Wear A F**king Suit

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Every so often, something comes up on the internet that I have to respond to. Something so absurd, nonsensical, and flat out infuriating that it warrants a response. It deserves to be dragged out into the street, stripped down and revealed as the fraud it is. That happened when this Elite Daily article came across my timeline. Entitled “Dear Mom: 8 Reasons Why I’ll Never Wear A Suit To Work,” it’s the typical hackery, self-appreciating, pat-on-the-backery you would come to expect from Elite Daily.

I get it. Elite Daily is the romantic to PGP’s cynic. It’s a site that fellates celebrates millennials, enabling empowering them to be the most intolerable best they possibly can be. However, articles like this just make my skin crawl. It’s the epitome of why anyone older than 35-years-old cannot stand our generation. Yes, we’re the generation that’s brought you social media, ridesharing, the smartphone, and the ability to order pizza with minimal human interaction. We’re also a generation that loves to tell old people (yuck! Right, guys?) why we won’t conform and why we make the rules up in this bitch. This was no more apparent than it was in this article.

So, how about I take your 8 reasons why suits are dumb/bad/ugly/fascist and turn them into 8 reasons why everyone should have a suit-and-tie job at one point or another.

1. “Because I’m passionate about the dream, not the paycheck.”

I respect the hell out of people who pursue their dreams, but a dream is just a vision without a plan. You can keep chasing the dream all you want, but wearing a suit is all part of a bigger plan to those of us who at one point or another hit up a 3-for-1 special at Jos. A. Bank. While you were dreaming about whatever the hell it is you want to do with your life, we were waking up at 6 a.m. and busted our ass so we could get to a place where we’re not wearing a suit everyday.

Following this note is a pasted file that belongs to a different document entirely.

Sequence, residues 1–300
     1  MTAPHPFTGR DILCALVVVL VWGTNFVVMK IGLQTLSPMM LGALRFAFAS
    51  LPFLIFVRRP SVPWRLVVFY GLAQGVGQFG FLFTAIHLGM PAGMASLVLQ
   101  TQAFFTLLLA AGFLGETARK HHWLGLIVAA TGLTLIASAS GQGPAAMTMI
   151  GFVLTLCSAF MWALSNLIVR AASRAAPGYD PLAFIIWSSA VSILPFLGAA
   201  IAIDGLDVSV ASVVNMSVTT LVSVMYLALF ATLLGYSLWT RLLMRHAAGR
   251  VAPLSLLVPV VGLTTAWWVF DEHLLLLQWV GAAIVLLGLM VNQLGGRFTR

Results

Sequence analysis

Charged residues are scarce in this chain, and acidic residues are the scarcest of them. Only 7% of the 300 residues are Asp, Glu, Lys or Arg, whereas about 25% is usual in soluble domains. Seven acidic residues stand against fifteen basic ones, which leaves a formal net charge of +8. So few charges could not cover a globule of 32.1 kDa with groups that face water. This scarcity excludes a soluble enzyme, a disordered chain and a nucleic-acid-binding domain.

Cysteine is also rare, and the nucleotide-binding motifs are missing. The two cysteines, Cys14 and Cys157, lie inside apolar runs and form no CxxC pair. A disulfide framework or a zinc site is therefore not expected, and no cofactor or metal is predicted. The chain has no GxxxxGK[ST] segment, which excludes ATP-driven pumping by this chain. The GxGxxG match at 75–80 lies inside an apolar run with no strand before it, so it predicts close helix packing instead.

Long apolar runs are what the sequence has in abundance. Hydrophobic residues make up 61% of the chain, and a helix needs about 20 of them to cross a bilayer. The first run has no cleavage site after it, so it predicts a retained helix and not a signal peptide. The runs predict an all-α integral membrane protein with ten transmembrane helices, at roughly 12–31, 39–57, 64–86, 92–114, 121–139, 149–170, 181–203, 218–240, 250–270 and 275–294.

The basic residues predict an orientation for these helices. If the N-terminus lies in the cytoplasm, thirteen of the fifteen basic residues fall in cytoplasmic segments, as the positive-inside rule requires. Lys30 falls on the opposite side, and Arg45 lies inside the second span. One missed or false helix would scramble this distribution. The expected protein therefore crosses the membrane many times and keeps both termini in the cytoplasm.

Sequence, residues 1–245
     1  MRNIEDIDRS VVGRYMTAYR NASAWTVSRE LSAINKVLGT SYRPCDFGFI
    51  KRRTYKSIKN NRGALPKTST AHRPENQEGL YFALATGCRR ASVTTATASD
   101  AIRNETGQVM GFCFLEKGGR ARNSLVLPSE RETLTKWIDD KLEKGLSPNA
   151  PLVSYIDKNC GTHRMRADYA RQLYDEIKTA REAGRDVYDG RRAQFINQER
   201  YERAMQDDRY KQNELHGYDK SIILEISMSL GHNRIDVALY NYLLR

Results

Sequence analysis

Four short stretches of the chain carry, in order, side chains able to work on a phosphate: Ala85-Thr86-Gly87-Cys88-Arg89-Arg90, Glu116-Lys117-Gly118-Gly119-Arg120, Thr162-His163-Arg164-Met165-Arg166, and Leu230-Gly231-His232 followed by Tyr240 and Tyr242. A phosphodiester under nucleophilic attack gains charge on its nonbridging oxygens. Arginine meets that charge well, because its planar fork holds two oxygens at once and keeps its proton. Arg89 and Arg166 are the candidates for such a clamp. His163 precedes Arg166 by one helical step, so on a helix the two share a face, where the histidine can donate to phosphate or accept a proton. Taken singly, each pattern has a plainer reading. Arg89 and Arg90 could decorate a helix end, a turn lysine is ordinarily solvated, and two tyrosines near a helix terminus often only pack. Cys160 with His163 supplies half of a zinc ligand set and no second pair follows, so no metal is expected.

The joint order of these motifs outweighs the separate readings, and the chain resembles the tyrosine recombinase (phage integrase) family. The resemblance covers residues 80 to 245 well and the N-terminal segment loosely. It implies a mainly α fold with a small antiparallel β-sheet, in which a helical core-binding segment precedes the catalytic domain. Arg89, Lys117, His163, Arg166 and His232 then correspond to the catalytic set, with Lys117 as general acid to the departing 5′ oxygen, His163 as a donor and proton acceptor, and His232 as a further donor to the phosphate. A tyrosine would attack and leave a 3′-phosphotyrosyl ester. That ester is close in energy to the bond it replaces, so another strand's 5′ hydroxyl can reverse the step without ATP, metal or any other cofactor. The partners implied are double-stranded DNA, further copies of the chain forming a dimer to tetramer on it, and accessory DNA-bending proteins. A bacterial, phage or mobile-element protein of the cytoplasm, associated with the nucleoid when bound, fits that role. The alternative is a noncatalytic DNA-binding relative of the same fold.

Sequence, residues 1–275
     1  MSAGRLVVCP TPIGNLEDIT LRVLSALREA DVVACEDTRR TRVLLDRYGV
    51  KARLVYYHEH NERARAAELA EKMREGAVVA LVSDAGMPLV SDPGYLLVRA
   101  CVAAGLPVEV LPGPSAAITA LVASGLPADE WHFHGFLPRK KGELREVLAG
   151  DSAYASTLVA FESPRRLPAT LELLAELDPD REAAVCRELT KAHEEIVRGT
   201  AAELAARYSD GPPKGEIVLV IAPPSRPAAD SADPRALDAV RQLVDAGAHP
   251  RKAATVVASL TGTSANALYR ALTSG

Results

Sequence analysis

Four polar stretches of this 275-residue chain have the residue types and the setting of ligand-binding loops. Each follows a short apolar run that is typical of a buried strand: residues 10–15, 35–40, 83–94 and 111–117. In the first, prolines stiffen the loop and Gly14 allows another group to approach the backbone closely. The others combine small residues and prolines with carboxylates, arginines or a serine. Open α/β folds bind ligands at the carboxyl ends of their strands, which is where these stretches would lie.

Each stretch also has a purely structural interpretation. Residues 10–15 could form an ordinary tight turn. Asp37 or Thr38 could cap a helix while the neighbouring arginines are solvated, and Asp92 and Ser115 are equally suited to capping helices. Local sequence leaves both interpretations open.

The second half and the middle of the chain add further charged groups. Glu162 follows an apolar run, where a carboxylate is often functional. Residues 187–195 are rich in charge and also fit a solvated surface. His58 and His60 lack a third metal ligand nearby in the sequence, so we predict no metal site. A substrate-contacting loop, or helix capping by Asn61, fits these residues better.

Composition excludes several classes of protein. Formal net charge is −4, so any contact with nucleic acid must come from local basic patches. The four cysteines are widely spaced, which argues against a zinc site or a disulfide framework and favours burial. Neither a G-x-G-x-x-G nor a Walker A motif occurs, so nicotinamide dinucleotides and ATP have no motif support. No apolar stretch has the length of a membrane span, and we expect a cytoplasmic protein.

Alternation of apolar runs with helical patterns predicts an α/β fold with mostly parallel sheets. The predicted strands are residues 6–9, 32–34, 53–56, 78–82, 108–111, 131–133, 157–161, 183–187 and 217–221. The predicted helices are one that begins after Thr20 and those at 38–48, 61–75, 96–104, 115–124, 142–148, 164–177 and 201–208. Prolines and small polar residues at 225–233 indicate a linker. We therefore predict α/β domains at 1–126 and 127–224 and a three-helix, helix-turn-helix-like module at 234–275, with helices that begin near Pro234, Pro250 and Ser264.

2. “Because I’m into celebrating small successes, not my CEO’s achievements.”

Let’s just float on down to CEO-less land, where we don’t have health coverage or steady paychecks. The average CEO makes 300 times the amount of the average worker, but the odds are that CEO busted their ass through grad school, paid their dues, made the right connections and were given similar chances you have been given. Sure, luck has a lot to do with it, but you make your own luck. Stop dreaming, start doing.

3. “Because I want to have a voice, not just a 401K”

See how far your voice will take you when you’re 65 or trying to put kids through college.

4. “Because I want to be the man, not work for him.”

To be the man, you’ve gotta beat the man. Working in corporate America has its benefits. Not everyone drops out of Harvard and invents Facebook. A vital part of success is learning from experts and surrounding yourself with the right people.

5. “Because I want to work for a vision I believe in, not one that dictates my wardrobe.”

That’s honorable, but again, what exactly is your vision? Your vision is probably different from those who just want to contribute to society. Not everyone can be a professional athlete, rock star, actor or a millionaire CEO of a startup. The difference is talent and desire. Talent stands out. Just because you show up to work in a v-neck and a pair of jeans doesn’t mean you’re willing to work harder than someone who has a couple grand’s worth of corporate garb hanging in their closet. This is coming from someone who hasn’t worn a suit to work in two years, but also from someone who speaks for anyone who puts on the same $250 dollar suit and sits in a 7×7 cube in an effort to better themselves and make their mark any way they can.

6. “Because I want to enjoy my job, not resent it.”

There’s a reason it’s called a job. There’s a reason it’s called work. It’s because you have a responsibility and people who count on you. If taking an extra 15 minutes in the morning to make sure you look a little bit better than your competitor makes you resent your job, go work at McDonalds. If you want to play in the big leagues, you have to wear the uniform.

7. “Because I want to feel like I’m part of a family, not a team”

This might be the most egregious claim. Being part of a family requires unconditional love and support. Being part of a team requires accountability and trust. A family is willing to forgive mistake after mistake and accepts its members for who they are. A team holds those who makes mistakes accountable and works towards a common goal. Teamwork makes the dreamwork. Teamwork also makes everyone filthy rich.

8. Because I don’t want to spend money on clothes I hate wearing

If what you’re wearing to work dictates your happiness, you really need to re-evaluate what makes you happy.

Image via Shutterstock

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